Health experts say Negev Beduin face impending health care troubles

Negev Beduin have the lowest life expectancy in Israel, at around 73 years, compared to nearly 82 years for Jewish population.

November 17, 2016 19:10
2 minute read.
Right to left: Dikla Aharon Health Affairs correspondent Reshet Bet, Physician with the Health Minis

Right to left: Dikla Aharon Health Affairs correspondent Reshet Bet, Physician with the Health Ministry Southern District Dr. Manual Katz, CEO Soroka Medical Center Dr. Ehud Davidson, CEO Negev Council Yohan Atlan, Rahat Mayor Talal Talal al-Karnawi. (photo credit: COURTESY AJEEC)

A shortage of doctors and medical facilities will leave Negev Beduin with a serious lack of access to healthcare, a panel of health experts and Beduin community leaders said on Thursday.

“We are facing a crisis in the health sector in the Negev, there is a shortage of doctors and many of the doctors who came from the Soviet Union in the 1990s are going to retire,” said Yohan Atlan, CEO of the Negev Council – an umbrella group of Negev municipal leaders, NGOs, and civil society representatives – who blasted the Health Ministry for “renouncing its responsibility,” and instead blaming “cultural differences” for their health problems.

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Negev Beduin have the lowest life expectancy in the country, at around 73 years, compared to nearly 82 years for Jewish population. Beduin also suffer high extremely high infant mortality – each year around 196 Beduin infants die within the first year of life.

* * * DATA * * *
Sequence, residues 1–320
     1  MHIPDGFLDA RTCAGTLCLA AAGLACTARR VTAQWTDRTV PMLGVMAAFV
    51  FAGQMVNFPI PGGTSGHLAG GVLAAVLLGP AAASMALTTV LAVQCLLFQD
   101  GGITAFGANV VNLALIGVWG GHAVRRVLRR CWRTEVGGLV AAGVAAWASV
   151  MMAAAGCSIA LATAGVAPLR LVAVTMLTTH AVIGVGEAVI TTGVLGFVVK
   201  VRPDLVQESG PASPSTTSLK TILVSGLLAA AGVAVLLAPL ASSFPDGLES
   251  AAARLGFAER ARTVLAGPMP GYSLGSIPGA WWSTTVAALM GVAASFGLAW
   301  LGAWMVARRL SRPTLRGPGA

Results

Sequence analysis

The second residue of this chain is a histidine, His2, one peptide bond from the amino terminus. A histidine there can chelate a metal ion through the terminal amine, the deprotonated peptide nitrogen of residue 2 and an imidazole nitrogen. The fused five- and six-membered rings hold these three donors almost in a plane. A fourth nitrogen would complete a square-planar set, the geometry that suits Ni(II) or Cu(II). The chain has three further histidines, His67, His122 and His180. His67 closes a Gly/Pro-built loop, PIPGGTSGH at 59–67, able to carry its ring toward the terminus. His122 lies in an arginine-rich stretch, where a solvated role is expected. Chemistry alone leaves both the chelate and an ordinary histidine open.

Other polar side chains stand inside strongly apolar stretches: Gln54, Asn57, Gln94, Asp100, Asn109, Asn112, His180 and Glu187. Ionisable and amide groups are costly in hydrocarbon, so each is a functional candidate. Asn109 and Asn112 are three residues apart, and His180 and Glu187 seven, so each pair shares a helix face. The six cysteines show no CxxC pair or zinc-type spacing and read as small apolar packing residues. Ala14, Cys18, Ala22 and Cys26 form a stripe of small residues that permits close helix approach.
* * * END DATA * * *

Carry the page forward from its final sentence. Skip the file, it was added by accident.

There are around 150,000 Beduin in the Negev nearly half of whom live in Rahat, 12 km. north of Beersheba.

The conference was hosted by AJEEC – The Arab-Jewish Center for Equality, Empowerment and Cooperation, at the Idan Hanegev Industrial Park, southeast of Rahat, the largest jointly owned Arab-Jewish industrial zone in the country.

Dr. Rania Okby, a gynecologist and midwife at Soroka- University Medical Center in Beersheba, told The Jerusalem Post that Beduin women face a lack of prenatal care, adding that many pregnant women only see the doctor when they are giving birth. “Most women don’t have cars and will not go to the doctor, especially in unrecognized villages because there is no public transportation,” Okby said.

Dr. Manual Katz of the Health Ministry Southern District rejected the criticism, saying it was politically motivated.

“The money is already here and things are starting to move,” Katz said. “I understand that there is a political interest to attack the health minister in order to lead to attract more budgets allocations, but the reality is that the health budget in the Negev is growing and the money is here.”

Nevertheless, Dr. Ehud Davidson, CEO of Soroka, said his hospital had not received needed Health Ministry funding. “Instead of a budget increase we add beds at the expense of our existing resources. If the money has come to the Negev we have not seen it,” Davidson said.

At the conference, Joint List chairman Ayman Odeh contended that the underlying problem facing many Beduin villages is a lack of state recognition. “To recognize the unrecognized villages would be the best solution not only for Arabs but for Jews. It would be good for the economy, good for education, good for health, good for transport links, good for both sides,” Odeh said.

The state views such unrecognized villages as illegal as they were built without building permits, and is seeking to relocate the Beduin population to planned cities.

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